The following is a sampling of the 608 bills approved by the 2017 Nevada Legislature and signed by Gov. Brian Sandoval.


New rules for testing whether some one is illegally driving under the influence of marijuana took effect on July 1.

Assembly Bill 135 was passed after two southern Nevada medical students testified the old law didn’t actually test for impairment or intoxication. Graham Lambnert and Charles Collison of Tuoro University told lawmakers marijuana metabolytes in the blood or urine don’t indicate intoxication, just that the person is a regular marijuana user. They said drivers should instead be tested for Delta-9-THC or 11-OH-THC, the two psychoactive compounds in marijuana.

Dan McDonald of the Washoe Crime Lab and Eric Bauman of Metro in Las Vegas backed their testimony up. McDonald said he has argued for years the presence of metabolytes doesn’t indicate impairment.

The bill also eliminates the urine test which testimony indicated is wildly inaccurate. From now on, only blood tests can be accepted as evidence.

AB135 is just one of several bills dealing with marijuana that took effect.

SB396 opens the door to farming one of pot’s genetic relatives — hemp. Unlike marijuana, hemp has almost no THC. But its fibers can be used for a long list of products including the traditional rope, fabrics and making paper among other things.

SB344 prohibits makers of pot edibles or retailers from producing marijuana products that are packaged to look like cookies, candy or other food items attractive to children. It bars advertising that might appeal to children and puts limits on the amount of THC those edibles can contain per package. Finally, it prohibits local governments from enacting regulations that are more stringent or restrictive or conflicts with state law and regulation.


AB24: allows veterans in active service in Nevada and their children an exemption from out of state tuition to attend Nevada System of Higher Education.

SB33 prohibits foreclosure of property owned by military members or their dependents, including liens against units in common-interest properties while the owner is on active duty and for a full year following active duty service without a court order.

AB337 expands employment protections of the Nevada National Guard to guard members who are from another state but employed in Nevada, protecting those members from termination when called to active duty or for a state of emergency.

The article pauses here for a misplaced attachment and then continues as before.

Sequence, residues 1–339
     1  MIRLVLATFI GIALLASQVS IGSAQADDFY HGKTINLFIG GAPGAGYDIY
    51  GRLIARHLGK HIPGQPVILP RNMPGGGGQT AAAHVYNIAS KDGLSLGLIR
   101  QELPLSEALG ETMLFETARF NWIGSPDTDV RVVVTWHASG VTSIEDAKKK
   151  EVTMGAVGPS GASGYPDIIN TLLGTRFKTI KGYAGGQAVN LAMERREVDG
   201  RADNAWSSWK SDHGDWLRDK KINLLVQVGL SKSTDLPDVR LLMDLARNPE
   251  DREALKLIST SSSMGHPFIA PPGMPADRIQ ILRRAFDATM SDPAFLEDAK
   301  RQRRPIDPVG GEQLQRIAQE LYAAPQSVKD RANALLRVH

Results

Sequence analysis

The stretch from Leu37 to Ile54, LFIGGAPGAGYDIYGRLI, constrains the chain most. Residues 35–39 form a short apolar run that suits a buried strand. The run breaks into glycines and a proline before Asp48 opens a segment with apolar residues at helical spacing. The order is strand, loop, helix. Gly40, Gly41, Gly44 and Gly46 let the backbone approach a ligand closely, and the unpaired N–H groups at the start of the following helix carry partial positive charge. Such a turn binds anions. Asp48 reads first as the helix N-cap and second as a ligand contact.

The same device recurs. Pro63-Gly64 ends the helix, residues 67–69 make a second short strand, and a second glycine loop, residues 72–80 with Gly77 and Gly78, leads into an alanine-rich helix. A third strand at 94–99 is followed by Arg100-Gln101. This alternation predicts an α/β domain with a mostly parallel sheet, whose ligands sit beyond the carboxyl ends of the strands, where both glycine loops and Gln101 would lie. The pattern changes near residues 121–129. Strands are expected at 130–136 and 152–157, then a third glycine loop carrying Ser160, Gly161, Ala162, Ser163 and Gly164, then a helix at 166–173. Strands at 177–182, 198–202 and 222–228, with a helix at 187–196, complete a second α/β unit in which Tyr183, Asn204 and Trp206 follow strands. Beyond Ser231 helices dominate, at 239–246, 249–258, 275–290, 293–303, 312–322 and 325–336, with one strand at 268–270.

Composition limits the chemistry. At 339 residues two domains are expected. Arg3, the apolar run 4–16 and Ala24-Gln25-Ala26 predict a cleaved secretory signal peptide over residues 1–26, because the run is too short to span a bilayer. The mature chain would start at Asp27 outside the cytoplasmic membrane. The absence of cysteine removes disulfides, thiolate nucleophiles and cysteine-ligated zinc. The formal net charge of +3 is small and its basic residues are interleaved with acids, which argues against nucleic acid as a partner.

Economic Development

AB52 creates a permitting process designed to expand lithium exploration and mining in Nevada. Nevada has one of the nation’s largest lithium deposits in the U.S.

AB486 changes distribution of the government services tax to add $20 million a year to build and improve Nevada roads and highways and create construction jobs.

SB69 is designed to ensure Nevada’s occupational licensing boards aren’t acting as a barrier to professionals seeking to move into the state.

SB398 recognizes block chain technology to electronically record transactions,

SB53 is a GOED bill that will help increase the number of cities, libraries and schools connected to broadband service. It will help ensure broadband connections for rural hospitals, clinics and correctional institutions by 2025.


SB529 appropriates $2.4 million to help cover costs from major flooding events in Washoe, Elko and Douglas counties and Carson City.

SB524 authorizes $6 million to cover the shortfall associated with fire suppression, flood responses and other costs associated with emergency events in recent months in Lemmon Valley, Carson City, Elko, Churchill, Douglas, Washoe and Lyon counties.

AB498 appropriates $350,000 to pay the state share of a joint field office to work with federal emergency management during 2017 flood events.

SB65 requires the Public Utilities Commission to give preference to resources that have the greatest economic benefit and potential for job creation and allows the public to attend the Integrated Resource Plan meeting with PUCN members and utilities.

SB145 establishes an incentive program to encourage installation of energy storage systems.

SB204 requires the PUCN to determine by October 1, 2018 whether it’s in the public interest for utilities to purchase energy storage.


SB451 creates the Nevada Sentencing Commission to develop policies and best practices for criminal sentencing.

SB541 enhances penalties for violent crimes against first responders and law enforcement by up to 20 years for targeting emergency personnel in the course of their duties.

AB97 requires law enforcement to turn over sexual assault kits for testing within 30 days and requires laboratories to test the kits within 120 days.

AB327 allows a person dishonorably discharged from probation to apply to the court to seal his or her records.